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Goodreads helps you keep track of books you want to read. Want to Read saving…. Want to Read Currently Reading Read. Other editions. Enlarge cover. Error rating book. Refresh and try again. Open Preview See a Problem? Details if other :. Thanks for telling us about the problem. Return to Book Page. Preview — Groundswell by Charlene Li.

Josh Bernoff. Li and Bernoff define 'the groundswell' as a social structure in which technology puts power into the hands of individuals and communities, not institutions. This research based book will not only identify the emerging components of this shift, but will also help companies build their businesses around it. Get A Copy. Hardcover , pages. More Details Original Title. Other Editions Friend Reviews. To see what your friends thought of this book, please sign up.

To ask other readers questions about Groundswell , please sign up. Will this page be updated for the new expanded and revised version that was published in ? See 1 question about Groundswell….

Lists with This Book. Community Reviews. Showing Average rating 3. Rating details. More filters. Sort order. It interests me as it concerns the current fastgoing development of social, online applications and social media. Where a company years ago could control the reactions of its environment, nowadays opinions and views of people are easily and very quickly distributed via social media, blogs, wiki's etc.

Before the internet, firms had far more time to methodically monitor and respond to community activity. With the rise of social media, that luxury has vanished, leaving a community-management vacuum in dire need of fresh skills, adaptive tactics, and a coherent strategy" The book and the article describe the changes wrought by social media platforms and show how a company can make the most of this brave new world. Social media platforms enhance the power of online communities in four ways: They promote deep relationships, allow fast organization, improve the creation and synthesis of knowledge, and permit better filtering of information In no small part, online activism drove powerful community opposition.

The book's message: Companies need to be part of the 'Groundswell', a trend in which people use technologies to get the things they need from each other, rather than from traditional institutions like corporations. The former calls for marketing and public relations skills, whereas the latter calls for business-development skills.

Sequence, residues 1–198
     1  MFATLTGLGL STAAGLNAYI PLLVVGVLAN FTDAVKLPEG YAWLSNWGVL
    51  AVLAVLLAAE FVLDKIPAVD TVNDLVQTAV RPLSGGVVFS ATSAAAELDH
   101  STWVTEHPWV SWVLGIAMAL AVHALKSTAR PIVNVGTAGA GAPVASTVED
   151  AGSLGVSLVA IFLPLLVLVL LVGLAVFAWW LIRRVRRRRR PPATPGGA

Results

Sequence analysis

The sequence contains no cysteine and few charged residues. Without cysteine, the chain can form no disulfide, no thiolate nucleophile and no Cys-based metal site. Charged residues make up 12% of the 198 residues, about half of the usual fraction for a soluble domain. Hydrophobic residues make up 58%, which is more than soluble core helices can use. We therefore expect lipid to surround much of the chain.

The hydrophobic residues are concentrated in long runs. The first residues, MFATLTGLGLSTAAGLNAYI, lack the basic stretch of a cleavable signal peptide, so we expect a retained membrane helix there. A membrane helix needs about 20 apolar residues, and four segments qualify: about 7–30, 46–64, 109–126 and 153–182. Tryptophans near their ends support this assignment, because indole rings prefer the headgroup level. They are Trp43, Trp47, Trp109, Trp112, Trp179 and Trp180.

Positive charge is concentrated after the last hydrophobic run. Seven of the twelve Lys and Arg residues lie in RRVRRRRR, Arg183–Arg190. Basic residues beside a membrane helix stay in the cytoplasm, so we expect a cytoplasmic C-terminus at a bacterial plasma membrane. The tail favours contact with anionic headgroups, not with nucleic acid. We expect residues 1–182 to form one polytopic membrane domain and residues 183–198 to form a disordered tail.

You should assemble a social media team with strengths in both areas. If you are interested but do not want to read the full book, here's an interesting article, 'Community relations 2. Very interesting topic. I love the lively Goodreads environment full of buzz and opinions.

View all 4 comments. Nearly everything I do in marketing has to do with the groundswell, the current movement of everything Web 2. I also happen to live at ground zero for all this stuff, so when I spotted the spiraling lime-and-wasabi colored book at work and asked to borrow it, I knew it'd be an investment in timeliness and relevance.

What I like best about Groundswellis how authors Charlene Li and Josh Bernoff built out stories of real people facing the challenges of adopting groundswell in different ways, and each ending with actionable results you could act upon right now-- despite the fact that all the case studies are about established brands in the US.

What I'll put to work right away are the concepts of measuring the effects of your groundswell efforts, as well as the perspective that groundswell is all about how people use technology for their conversations, socializing and learning-- especially, for their desire to connect.

There's also meaty Forrester stuff: a demographic analysis called social technographics which segments your audience according to social technology ladder of participation, a customer profile toolto calculate audience targeting against criteria which determine what kind of relationship you want to build with them, and all sorts of other useful bar graphs.

There's still a lot to know about the groundswell and what it means to you, but there is something to be said for just jumping in. Dec 26, J. Lasica rated it it was amazing Shelves: recommended , nonfiction. Groundswell: Winning in a world transformed by social technologies, by Charlene Li and Josh Bernoff, is the definitive guide to how businesses are grappling with the social media revolution.

The revolution is still in its early stages, and the old order still clings tenaciously to power — we're living in the throes of transformative change, which can be at once exhilarating and disorienting.

Li and Bernoff provide a framework for describing these fundamental changes, which they call "the groundsw Groundswell: Winning in a world transformed by social technologies, by Charlene Li and Josh Bernoff, is the definitive guide to how businesses are grappling with the social media revolution. Li and Bernoff provide a framework for describing these fundamental changes, which they call "the groundswell," and they do so chiefly within the context of marketing rather than sociology or politics.